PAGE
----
Brent Budowsky: Much of the insider political community has fallen victim to the misleading cliche that Democrats must not move “too far to the left.”
Julianne Malveaux: While our “democracy” is weighed against people who live on the margins, who don’t have driver’s licenses, who don’t vote regularly, who move frequently, we ought to be focused on ensuring that everyone has the opportunity to vote.
Robert M. Nelson and Marguerite Renner: While impeachment appears attractive and appropriate, the lessons of history might counsel enthusiastic Democrats to be careful of what they wish.
Charles Jaco: For Espy to have any chance of winning, there has to be a surge in black votes like U.S. Senator Doug Jones saw in Alabama, when he upset Republican and accused pedophile Roy Moore.
Steve Hochstadt: Between our presidential elections every four years, the congressional races in the midterms give us the best reading, across the country, of how Americans divide themselves between Democrats and Republicans.
John Seeley: For practical purposes, 2018 ended after Stacey Abrams and Sen. Nelson conceded, realizing recounts weren’t going to save them. However, important 2018 loose ends need to be dealt with in the next couple weeks that are all about 2020, despite their calendar date.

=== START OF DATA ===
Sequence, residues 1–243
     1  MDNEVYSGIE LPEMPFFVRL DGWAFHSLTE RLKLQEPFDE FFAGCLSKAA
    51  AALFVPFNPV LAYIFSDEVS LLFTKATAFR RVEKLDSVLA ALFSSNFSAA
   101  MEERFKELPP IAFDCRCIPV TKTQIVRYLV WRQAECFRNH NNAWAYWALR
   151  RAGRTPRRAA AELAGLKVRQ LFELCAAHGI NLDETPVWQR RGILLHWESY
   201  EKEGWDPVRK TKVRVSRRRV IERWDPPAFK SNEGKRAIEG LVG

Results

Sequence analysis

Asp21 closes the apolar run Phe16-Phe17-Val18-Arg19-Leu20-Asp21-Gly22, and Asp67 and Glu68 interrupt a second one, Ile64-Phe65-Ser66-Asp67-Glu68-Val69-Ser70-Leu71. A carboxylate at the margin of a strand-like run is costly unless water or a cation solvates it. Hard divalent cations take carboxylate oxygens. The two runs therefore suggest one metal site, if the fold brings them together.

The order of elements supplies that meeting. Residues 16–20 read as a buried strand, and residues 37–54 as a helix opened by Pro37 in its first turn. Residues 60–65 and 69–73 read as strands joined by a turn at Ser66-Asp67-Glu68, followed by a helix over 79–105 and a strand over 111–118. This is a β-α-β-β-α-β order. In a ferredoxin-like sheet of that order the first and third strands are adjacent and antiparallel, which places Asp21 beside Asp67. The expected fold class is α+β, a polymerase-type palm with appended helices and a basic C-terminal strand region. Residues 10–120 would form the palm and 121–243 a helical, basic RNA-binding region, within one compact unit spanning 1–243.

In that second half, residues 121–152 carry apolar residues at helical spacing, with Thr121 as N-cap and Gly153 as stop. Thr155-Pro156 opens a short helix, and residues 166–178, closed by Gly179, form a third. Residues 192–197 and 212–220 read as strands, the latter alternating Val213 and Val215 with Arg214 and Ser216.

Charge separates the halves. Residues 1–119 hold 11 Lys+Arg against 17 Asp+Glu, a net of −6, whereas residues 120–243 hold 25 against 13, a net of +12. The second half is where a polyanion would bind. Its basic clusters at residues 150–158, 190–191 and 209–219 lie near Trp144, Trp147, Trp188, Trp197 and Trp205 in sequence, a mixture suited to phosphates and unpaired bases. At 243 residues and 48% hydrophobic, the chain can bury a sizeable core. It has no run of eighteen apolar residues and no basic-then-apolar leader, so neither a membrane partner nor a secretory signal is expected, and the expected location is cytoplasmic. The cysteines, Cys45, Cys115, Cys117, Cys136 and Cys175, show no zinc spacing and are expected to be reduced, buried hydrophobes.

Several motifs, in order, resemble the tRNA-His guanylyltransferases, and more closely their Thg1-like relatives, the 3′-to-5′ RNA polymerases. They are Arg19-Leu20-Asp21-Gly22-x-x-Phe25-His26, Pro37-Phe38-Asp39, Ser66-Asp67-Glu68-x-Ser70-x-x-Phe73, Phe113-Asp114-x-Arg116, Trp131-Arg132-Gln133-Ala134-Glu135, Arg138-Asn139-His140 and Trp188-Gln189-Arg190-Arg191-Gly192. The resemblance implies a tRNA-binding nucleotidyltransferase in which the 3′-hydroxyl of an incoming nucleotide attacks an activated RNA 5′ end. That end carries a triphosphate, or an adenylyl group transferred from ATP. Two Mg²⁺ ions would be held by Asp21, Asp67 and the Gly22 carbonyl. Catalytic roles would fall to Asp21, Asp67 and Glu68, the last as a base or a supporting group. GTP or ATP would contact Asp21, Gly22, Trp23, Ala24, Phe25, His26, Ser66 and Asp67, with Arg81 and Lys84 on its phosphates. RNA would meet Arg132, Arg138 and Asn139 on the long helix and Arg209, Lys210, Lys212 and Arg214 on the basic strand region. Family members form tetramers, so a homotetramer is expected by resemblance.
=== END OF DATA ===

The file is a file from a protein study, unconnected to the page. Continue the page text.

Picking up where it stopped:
John Seeley: Even if the DSCC or Espy campaign did have affidavits from teen boys traumatized by after-school interactions with Hyde-Smith, it wouldn’t hurt Cindy’s chances much if the boys were past the age of consent.
Steve Hochstadt: The likelihood of unusually heavy turnout had been discussed for months, but many polling places were unprepared for large numbers of voters.
Aimee Allison: Women of color won this year by organizing on the ground, reaching out to communities of color, and subsequently inspiring a record number of voters (for a midterm election) to go to the polls.
Steve Hochstadt: Was it a big wave or a little wave or a ripple? Who even knows what those words mean applied to national elections? Numbers are better.
Charles Jaco: Republican trickle-down-cut-taxes-for-the-rich-free-enterprise economics have destroyed rural and small-town Missouri the same way they’ve impoverished urban areas.
Lauren Windsor: Should a billionaire prevail in the Democratic primary and Trump run for reelection, Americans could be looking at a three-way billionaire presidential ballot in the 2020 general election.
John Peeler: Democrats will at least be able to block bad legislation; at best they will be able on occasion to achieve bipartisan solutions to issues like infrastructure improvements, or even a fix on some features of the Affordable Care Act.